More on the arguments  surrounding Iranian Tablets currently held in Chicago’s Oriental Institute.
Iran tablets’ fate remains uncertain
By Lauren Osen
Friday, February 2nd, 2007
The fate of ancient Iranian tablets housed at the Oriental Institute remains unknown after a federal judge declined to rule immediately at a court hearing contesting their ownership.
The Persepolis Fortification tablets, which are on loan to the University from the government of Iran, were to be confiscated and auctioned off to compensate the families of five American victims of a 1997 Hamas bombing at the Ben Yehuda shopping mall in Jerusalem.
The families of the victims won a $251 million ruling against the Iranian government in 2003 after a U.S. federal court found that the country had directly funded Hamas. The Iranian government refused to pay the judgment, prompting the families to sue for ownership of Iranian holdings in the U.S.
The Iranian government appealed the decision, and so far, both the American government and the University have supported continued Iranian ownership.
“The University supports Iran in its claim for ownership, as we know the materials are on loan,” said William Harms, the Oriental Institute’s press contact.
According to Iranian media, however, the government in Tehran has not been pleased with the University’s response to the situation. An article last week in the Tehran Times reported that the government believes the University has “not shown goodwill” in its stewardship of the tablets, which were originally loaned in 1937.
An Oriental Institute expedition originally excavated the clay tablets in 1933 from ancient Persepolis, the 2,500-year-old capital of the Achaemenid Persian Empire.
“When the tablets were handed over to the University, it had agreed to send the artifacts back after several years, but the University has still not fulfilled the agreement after 70 years,” said Ali-Mohammad Tarafdari, the secretary of the government’s People’s Committee for the Return of Cultural and Historical Property, in the Tehran Times article.
Gil Stein, director of the Oriental Institute, estimates that the museum has already returned more than two-thirds of the tablets to Iran. The Institute retains approximately 8,000 tablets and 11,000 poorly preserved fragments that are still awaiting analysis. “I’m not sure why [Iran] took that approach. We have acted in good will throughout,” Harms said of the statement.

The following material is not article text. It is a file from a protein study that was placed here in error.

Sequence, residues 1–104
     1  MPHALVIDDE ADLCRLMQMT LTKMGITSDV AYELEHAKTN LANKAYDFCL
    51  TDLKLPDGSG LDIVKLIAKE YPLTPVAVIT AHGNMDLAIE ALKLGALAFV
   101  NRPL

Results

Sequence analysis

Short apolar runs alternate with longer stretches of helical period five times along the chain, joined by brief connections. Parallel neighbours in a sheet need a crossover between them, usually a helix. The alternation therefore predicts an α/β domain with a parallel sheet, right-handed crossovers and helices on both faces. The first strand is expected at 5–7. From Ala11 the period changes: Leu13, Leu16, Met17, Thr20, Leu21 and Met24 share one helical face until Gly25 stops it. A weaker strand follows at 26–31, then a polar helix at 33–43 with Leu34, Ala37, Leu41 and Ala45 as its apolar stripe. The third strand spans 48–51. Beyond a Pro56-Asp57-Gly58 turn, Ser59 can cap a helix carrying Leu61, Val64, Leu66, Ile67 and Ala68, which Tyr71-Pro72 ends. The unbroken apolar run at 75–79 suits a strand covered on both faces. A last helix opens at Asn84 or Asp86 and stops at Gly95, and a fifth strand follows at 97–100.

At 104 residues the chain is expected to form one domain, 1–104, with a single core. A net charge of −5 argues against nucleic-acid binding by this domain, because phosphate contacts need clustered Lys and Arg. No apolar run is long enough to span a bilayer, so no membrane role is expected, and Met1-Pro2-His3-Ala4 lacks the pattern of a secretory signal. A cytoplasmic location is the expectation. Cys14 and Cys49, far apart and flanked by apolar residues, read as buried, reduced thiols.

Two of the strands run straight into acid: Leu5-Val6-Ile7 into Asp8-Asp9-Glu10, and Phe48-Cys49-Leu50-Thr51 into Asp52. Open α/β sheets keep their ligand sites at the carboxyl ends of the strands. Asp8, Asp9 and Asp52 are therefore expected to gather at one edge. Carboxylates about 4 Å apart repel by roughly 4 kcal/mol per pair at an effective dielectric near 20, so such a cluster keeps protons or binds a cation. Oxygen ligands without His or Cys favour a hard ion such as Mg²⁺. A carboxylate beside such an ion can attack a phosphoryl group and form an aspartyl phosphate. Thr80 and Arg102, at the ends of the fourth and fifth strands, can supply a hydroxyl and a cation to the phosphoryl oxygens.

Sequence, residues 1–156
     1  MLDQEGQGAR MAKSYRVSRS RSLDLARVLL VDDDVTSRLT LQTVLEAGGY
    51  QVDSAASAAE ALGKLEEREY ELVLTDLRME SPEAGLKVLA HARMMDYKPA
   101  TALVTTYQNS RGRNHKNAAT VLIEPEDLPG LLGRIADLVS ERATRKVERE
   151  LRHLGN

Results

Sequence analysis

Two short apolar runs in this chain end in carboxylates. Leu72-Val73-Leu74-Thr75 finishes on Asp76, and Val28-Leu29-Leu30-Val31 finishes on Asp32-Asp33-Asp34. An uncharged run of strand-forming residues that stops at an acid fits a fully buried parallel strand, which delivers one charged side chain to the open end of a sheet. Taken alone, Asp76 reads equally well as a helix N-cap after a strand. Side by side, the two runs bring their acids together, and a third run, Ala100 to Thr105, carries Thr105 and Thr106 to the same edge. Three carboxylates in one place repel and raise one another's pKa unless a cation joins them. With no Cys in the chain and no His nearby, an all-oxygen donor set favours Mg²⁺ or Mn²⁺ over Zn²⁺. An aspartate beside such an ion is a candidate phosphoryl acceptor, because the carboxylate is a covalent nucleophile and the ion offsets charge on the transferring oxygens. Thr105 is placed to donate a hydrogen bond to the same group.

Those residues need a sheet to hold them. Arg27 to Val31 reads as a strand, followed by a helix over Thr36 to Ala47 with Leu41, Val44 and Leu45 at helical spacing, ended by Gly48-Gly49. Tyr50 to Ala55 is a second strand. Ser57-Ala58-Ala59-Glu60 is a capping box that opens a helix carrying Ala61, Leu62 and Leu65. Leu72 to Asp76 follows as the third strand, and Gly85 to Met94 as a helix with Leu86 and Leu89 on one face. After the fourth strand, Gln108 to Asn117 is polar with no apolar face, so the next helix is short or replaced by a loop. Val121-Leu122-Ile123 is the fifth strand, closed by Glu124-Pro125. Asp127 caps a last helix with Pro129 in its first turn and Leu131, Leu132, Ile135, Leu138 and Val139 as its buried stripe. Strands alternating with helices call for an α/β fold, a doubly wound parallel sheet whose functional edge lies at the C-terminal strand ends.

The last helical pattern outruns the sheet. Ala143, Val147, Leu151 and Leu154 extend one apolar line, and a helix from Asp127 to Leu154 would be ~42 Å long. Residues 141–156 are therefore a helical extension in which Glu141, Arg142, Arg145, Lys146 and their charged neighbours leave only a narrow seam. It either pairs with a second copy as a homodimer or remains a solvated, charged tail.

A court order has mandated that the tablets cannot be removed from the Institute until their ownership status is resolved. Researchers worried about their potential loss are moving quickly to study them.
“The Fortification archive is at risk, and in this emergency, the Oriental Institute’s highest priority is on recording as much of the archive as possible, in as high of a quality as possible, and as quickly as possible to make our results available as widely as possible,” said Oriental Institute Professor Matt Stolper in a written statement.
The case has caused uproar in museums and academic communities all over the world.
“We do not believe that the law allows for the seizure of cultural heritage as compensation,” Stein wrote in The Oriental Institute News and Notes. “The tablets are not commercial assets like oil wells, tankers, or houses. Instead, these types of culturally unique and important materials fall within a special protected category and are not subject to seizure. If this actually happens, it would be a loss to science of unprecedented scale, and it would rob the Iranian people of one of the most important symbols of their cultural heritage and identity.”
By all accounts, the tablets are an archaeological treasure and an invaluable resource for scholarship. Stolper said the discovery of the tablets provided an unprecedented, firsthand account of everyday life and offered a window into the workings of the Achaemenid imperial organization.
“The Persepolis texts…resonate for Iranians at a very profound level. These are items of cultural heritage as important as the crown jewels of England, or the original document of the Magna Carta, or the Western Wall in Jerusalem, or the Parthenon in Athens,” Stein said in a written statement.
The court delay appears to be yet another bump in the road for a case that has already spent three years in court. As of now, both sides appear to be in a stalemate.